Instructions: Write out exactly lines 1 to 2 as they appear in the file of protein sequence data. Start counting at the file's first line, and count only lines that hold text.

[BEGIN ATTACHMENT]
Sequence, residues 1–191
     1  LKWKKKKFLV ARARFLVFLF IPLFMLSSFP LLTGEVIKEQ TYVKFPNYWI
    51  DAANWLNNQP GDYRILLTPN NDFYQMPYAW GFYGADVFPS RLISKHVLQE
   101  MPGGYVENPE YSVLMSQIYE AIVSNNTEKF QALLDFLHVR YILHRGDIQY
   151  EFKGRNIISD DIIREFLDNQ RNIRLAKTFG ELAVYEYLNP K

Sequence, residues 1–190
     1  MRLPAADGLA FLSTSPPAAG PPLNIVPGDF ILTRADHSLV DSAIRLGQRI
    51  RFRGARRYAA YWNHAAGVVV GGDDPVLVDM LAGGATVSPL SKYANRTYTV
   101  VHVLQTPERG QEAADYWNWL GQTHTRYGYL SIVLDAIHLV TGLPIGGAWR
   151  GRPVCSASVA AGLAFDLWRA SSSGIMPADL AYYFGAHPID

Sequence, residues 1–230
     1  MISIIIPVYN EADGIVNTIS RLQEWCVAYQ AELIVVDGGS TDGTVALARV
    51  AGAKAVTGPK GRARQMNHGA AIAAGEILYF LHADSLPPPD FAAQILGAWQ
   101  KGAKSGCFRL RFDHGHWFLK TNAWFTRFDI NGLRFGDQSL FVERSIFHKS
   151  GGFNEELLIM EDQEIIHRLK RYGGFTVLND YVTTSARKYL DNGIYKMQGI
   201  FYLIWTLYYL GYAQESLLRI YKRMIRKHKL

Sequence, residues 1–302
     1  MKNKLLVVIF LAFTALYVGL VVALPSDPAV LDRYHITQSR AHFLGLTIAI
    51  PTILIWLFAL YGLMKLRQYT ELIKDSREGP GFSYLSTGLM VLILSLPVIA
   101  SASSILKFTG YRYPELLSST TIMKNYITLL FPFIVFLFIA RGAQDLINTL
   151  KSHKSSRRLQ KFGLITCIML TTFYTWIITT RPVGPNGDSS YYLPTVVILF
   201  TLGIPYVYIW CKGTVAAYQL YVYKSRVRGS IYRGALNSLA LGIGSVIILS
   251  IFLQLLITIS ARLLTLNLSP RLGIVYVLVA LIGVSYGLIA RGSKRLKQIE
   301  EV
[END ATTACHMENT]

Sequence, residues 1–191
     1  LKWKKKKFLV ARARFLVFLF IPLFMLSSFP LLTGEVIKEQ TYVKFPNYWI